Is there a link between climate change and violent conflicts particularly in poverty-stricken communities in Syria and Africa?
In the article, ‘Climate adaptation could make the world more peaceful’, Daniel Pearson writes that the African communities living around Lake Chad are living below the poverty line, have little or no access to information and technology, lacking employment opportunities, experiencing political marginalisation and isolation (Pearson, 2019).
These stressors make their young people vulnerable to recruitment by militant groups such as Boko Haram, according to the Lake Chad Risk Assessment Project report.
To make matters worse, the pressures that these communities are already facing will be further compounded by the consequences of climate change, says the Adelphi report ( Vivekananda, J., Pohl, B., Rüttinger, L. et al, 2019).
Vivekananda, J., Pohl, B., Rüttinger, L. et al, (2019) say that in late 2017, Lake Chad basin faced a humanitarian crisis with around 10.7 million people that needed immediate humanitarian assistance. 80-90% of their population is highly dependent on agriculture, fishes, and livestock for their livelihoods.
Former US president Barrack Obama once said that the world is becoming hungrier and more violent as a result of Global Warming (Pearson 2019).
The video that Adelphi, Berlin published shows the people in Lake Chad going through hardships and how climate change is factored in the growing conflicts and violence in the region.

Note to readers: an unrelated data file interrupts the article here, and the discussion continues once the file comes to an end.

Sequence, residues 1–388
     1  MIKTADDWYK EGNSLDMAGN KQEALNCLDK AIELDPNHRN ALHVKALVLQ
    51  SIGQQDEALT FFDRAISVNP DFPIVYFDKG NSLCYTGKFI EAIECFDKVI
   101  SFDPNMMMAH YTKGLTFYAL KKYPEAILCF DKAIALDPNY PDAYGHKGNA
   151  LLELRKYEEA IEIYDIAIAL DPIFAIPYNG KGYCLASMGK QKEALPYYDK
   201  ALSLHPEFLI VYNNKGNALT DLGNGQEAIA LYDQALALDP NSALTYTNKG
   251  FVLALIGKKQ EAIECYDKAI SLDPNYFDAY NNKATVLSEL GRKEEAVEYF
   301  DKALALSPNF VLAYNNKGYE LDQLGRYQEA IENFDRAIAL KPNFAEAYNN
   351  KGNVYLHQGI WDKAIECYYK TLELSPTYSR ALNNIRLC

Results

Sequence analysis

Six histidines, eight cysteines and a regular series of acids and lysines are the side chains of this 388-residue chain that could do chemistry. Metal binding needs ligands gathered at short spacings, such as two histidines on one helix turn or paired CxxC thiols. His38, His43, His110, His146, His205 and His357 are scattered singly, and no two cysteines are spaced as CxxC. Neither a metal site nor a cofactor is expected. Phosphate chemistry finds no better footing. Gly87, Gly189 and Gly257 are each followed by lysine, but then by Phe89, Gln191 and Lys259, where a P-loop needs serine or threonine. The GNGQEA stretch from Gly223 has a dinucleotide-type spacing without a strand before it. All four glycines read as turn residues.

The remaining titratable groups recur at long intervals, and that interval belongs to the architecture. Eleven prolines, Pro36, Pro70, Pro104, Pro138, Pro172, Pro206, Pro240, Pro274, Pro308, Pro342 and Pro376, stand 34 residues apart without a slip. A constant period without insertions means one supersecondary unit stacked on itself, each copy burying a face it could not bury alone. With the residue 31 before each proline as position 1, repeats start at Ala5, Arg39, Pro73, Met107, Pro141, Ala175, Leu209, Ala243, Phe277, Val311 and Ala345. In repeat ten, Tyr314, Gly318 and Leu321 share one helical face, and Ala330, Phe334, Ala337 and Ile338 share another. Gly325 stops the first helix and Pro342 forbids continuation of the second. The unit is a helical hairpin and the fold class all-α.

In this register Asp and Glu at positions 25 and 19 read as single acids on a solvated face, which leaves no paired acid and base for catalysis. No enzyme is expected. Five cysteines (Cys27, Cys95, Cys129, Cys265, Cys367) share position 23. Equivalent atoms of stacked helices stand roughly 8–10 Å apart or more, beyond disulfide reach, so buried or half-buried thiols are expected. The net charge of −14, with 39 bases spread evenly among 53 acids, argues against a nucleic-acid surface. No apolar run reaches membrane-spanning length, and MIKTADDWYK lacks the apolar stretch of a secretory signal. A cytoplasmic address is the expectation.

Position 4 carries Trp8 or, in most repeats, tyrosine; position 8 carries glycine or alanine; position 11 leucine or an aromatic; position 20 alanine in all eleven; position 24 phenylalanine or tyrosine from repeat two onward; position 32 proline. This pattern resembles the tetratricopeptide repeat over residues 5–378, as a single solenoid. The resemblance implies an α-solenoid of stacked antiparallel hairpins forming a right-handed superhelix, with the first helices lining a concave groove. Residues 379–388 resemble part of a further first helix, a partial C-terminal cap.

Although scientific literature does not provide a direct link between climate change and conflict, there are a ‘number of social-political and economic issues that are mediating the impacts of climate change, making any links dependent on them’ (Pearson, 2019).
In a study, ‘Climate Variability, food production’ it says that earlier research shows a relationship between climate anomalies and violent conflict. Climate anomalies refer to drought-induced agricultural shocks and the resulting negative economic situation that follows. This study concludes that:
- food price shocks are linked with increased social unrest. These social protests and rebellions in times of food price spikes are reactions to poor and unjust government policies, corruption, repression and market failure.
- Although this study does not show a direct link between climate variability on political violence, this should not be treated as a dismissal to the possible link between food insecurity and social unrest. Because the study does not consider how the changes in international food supply and prices affect the domestic food insecurity in vulnerable societies and to what extent political leaders are willing to implement effective countermeasures.
- Food insecurity and conflict have ‘reverse relationship’ where armed conflict is development in reverse and civil war is the most important driver of malnourishment and hunger in Africa today.
- Chronic violence and political instability threaten human security and make them more vulnerable to harsh environmental condition and results in a massive refugee crisis.
- Climate change is predicted to worsen environmental conditions that will hinder agricultural productivity across a large part of the African continent.
The report, “Shoring Up Stability” also, discusses in depth the role of climate change in communities torn by conflicts. The report shows how “climate change and conflict create a feedback loop” where climate change adds additional pressures and conflicts hinders the community’s coping abilities.
The report concludes that climate change needs to be addressed as part of peacebuilding efforts as well as humanitarian aid if communities must be freed from the conflict trap ( Vivekananda, J., Wall, M. et al, 2019).
PHOTO CREDIT: EU Civil Protection and Humanitarian Aid via Flickr Creative Commons Licence